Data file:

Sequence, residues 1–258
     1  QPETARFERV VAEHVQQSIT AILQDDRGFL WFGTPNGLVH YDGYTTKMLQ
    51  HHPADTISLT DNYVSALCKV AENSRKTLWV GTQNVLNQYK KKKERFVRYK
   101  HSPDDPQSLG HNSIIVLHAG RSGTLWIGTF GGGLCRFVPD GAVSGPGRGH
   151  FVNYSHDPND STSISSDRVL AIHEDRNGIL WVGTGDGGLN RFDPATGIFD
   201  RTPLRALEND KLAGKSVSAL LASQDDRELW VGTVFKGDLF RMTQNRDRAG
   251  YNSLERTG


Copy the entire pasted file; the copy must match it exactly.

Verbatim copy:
Sequence, residues 1–258
     1  QPETARFERV VAEHVQQSIT AILQDDRGFL WFGTPNGLVH YDGYTTKMLQ
    51  HHPADTISLT DNYVSALCKV AENSRKTLWV GTQNVLNQYK KKKERFVRYK
   101  HSPDDPQSLG HNSIIVLHAG RSGTLWIGTF GGGLCRFVPD GAVSGPGRGH
   151  FVNYSHDPND STSISSDRVL AIHEDRNGIL WVGTGDGGLN RFDPATGIFD
   201  RTPLRALEND KLAGKSVSAL LASQDDRELW VGTVFKGDLF RMTQNRDRAG
   251  YNSLERTG